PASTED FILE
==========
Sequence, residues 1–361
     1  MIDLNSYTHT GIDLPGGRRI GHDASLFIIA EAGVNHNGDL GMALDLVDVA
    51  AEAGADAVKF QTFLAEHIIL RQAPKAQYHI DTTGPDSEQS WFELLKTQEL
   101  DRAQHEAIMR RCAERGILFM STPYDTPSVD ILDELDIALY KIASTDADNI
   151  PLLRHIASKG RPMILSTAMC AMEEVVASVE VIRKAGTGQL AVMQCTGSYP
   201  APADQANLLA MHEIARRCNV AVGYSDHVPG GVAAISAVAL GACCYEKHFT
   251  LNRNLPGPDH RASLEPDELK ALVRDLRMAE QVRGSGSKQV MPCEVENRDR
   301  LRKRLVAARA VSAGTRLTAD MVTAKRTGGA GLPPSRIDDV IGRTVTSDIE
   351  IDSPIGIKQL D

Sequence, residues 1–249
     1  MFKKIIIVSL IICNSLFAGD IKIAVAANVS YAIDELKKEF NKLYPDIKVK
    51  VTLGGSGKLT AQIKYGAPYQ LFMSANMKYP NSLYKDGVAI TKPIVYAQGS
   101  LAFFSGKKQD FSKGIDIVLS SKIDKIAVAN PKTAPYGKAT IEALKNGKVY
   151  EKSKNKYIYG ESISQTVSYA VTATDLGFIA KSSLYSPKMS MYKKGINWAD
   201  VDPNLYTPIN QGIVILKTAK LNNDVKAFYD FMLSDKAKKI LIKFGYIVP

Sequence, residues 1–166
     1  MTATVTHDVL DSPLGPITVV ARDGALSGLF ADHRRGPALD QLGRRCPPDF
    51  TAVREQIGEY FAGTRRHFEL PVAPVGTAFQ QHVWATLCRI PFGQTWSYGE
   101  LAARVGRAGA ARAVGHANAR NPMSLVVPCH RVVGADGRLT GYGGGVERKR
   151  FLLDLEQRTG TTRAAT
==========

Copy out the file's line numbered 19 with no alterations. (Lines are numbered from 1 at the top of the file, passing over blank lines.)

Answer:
   101  LAARVGRAGA ARAVGHANAR NPMSLVVPCH RVVGADGRLT GYGGGVERKR